# Thread: Speed of light question

1. if there were two waves of light traveling in opposite directions toward each other, and i was on one of these waves and when the two waves passed each other,then i measured the speed of the wave i was NOT on, wouldn't the speed measured be two times the speed of light?

if that is true, than is Einstein wrong?
or
if the measured speed is the speed of light, how can that be?
does that mean that one of the light waves stopped moving when i measured the speed? [/code]  2.

3. you have to composate the speed that you are going at as well its like in a car crash with two cars going in opposite direction from each other at 30 miles an hour the force at the crash is like a car going at 60miles per hour and ramming you in the back but niether car was going that fast it was thier combined speed that made it like they crashed at twice thier speed. The faster you go the more energy you have the more force you have the worse the crash is going to be.  4. [quote="roflwaffle123"]if there were two waves of light traveling in opposite directions toward each other, and i was on one of these waves and when the two waves passed each other,then i measured the speed of the wave i was NOT on, wouldn't the speed measured be two times the speed of light?

if that is true, than is Einstein wrong?
or
if the measured speed is the speed of light, how can that be?
does that mean that one of the light waves stopped moving when i measured the speed?

First off, massive objects cannot travel at the speed of light and the speed of light is not a valid frame of reference from which to measure things.

So let's say that you are moving at 99.9999% of the speed of light and meet a light wave head on.

You would measure the light wave as traveling at the normal speed of light relative to you. Why? because velocities don't add up the way we normally think of them as adding up.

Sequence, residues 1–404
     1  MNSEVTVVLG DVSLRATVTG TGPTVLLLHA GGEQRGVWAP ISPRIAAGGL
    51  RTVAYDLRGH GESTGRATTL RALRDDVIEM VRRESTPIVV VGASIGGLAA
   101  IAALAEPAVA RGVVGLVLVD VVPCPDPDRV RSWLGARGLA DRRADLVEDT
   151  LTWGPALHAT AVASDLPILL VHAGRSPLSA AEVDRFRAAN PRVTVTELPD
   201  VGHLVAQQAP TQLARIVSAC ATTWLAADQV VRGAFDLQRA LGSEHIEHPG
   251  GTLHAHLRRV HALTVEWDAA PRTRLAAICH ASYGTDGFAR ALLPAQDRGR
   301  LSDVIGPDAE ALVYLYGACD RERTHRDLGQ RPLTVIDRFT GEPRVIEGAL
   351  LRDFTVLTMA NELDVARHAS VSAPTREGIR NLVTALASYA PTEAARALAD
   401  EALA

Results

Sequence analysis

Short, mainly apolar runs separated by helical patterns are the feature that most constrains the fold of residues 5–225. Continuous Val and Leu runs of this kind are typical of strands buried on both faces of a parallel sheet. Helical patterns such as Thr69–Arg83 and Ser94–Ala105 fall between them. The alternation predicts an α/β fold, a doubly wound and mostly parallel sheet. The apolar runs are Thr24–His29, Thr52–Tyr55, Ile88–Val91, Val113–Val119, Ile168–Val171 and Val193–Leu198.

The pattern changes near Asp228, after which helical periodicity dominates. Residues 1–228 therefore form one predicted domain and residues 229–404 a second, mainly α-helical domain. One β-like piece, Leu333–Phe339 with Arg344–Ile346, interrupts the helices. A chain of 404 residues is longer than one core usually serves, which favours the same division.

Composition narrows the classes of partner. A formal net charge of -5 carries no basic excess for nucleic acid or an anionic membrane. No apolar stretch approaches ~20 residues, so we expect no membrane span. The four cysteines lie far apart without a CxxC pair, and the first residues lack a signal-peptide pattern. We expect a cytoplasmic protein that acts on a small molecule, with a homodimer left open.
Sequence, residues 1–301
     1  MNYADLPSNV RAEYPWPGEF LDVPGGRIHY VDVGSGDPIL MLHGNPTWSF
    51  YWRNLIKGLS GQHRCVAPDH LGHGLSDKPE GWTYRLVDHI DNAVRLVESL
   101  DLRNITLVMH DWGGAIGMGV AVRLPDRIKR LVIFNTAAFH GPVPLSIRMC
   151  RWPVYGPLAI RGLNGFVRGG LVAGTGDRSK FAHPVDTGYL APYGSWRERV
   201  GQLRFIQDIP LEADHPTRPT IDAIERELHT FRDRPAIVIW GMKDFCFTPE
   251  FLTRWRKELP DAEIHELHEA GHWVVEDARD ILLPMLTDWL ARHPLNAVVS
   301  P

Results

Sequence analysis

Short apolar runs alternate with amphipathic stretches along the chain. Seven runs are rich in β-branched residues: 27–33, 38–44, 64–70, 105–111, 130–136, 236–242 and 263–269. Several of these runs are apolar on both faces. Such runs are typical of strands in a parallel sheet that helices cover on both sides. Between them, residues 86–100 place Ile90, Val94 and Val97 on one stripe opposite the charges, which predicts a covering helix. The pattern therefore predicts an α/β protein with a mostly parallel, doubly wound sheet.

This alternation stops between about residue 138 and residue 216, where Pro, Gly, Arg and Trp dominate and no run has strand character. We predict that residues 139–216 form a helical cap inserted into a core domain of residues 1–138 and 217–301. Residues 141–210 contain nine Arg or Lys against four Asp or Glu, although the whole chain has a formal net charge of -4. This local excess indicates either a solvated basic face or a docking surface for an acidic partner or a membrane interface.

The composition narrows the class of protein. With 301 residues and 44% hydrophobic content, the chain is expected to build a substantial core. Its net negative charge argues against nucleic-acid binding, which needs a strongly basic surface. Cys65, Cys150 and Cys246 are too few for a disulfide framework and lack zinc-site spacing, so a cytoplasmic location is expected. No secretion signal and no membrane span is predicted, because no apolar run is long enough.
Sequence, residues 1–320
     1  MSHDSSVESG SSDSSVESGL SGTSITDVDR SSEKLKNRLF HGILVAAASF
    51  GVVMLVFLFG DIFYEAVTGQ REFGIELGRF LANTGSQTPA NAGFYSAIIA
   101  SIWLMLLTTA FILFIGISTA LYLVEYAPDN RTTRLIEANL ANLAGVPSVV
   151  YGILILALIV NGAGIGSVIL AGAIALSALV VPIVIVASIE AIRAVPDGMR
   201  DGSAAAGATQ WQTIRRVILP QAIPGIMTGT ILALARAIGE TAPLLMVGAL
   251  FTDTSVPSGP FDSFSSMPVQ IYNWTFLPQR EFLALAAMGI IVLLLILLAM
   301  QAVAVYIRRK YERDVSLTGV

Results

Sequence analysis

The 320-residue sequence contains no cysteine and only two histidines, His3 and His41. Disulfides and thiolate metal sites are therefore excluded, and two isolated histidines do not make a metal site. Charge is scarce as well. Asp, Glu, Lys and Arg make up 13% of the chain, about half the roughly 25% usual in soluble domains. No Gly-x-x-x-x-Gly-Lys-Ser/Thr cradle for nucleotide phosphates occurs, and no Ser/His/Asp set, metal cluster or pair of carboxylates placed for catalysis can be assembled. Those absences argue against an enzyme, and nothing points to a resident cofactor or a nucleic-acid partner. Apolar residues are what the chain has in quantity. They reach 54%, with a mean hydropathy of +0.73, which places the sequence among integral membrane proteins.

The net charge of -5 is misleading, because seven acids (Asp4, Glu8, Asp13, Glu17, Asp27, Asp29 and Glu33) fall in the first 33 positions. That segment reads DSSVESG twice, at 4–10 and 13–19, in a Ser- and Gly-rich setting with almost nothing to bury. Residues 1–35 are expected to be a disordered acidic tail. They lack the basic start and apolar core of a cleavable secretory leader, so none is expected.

Normally, if you had an object going a speed of u in one direction, and another going v in the opposite direction, you would expect the speed at which each measure the other as moving with respect to himself as being equal to u+v.

However, Relativity tells us that the correct answer is Now when v and u are small compared to the speed of light, this answer comes out to be really really close to what you get when you just add v and u. But as u and v get larger, it starts to diverge, and the answer will never be larger than c.  5. Originally Posted by Janus Shouldn't the equation read; ?  6. Originally Posted by Arcane_Mathematician Originally Posted by Janus Shouldn't the equation read; ?
No, because then you get results larger than u+v

example:   7. whoops! sorry bout that. I was thinking of a different equation then, and I'm pretty sure it was related to: But I just can't place it :?  8. Originally Posted by Arcane_Mathematician
whoops! sorry bout that. I was thinking of a different equation then, and I'm pretty sure it was related to: But I just can't place it :?
You're thinking the the Lorentz factor Which is used in time dilation and length contraction.  9. Yeah!, crap, I'm not the most well versed in relativity   10. Leave all math out of it. If you cannot derive the Lorentz transformations from first principles, they'll only confuse you.
The two basic postulates of Special Relativity are:
1_Space and time (and all associated/derived quantities) are all variant depending on frames of reference since there is no one preferred frame of reference.
2_The speed of light, c , is the only invariant, which means no matter your frame of reference, stationary, moving at 100km/hr or moving at c , you will always measure the speed of light in a vacuum as c. (Disregard accelerated frames of reference for now as that is the realm of General Relativity.)  11. Originally Posted by MigL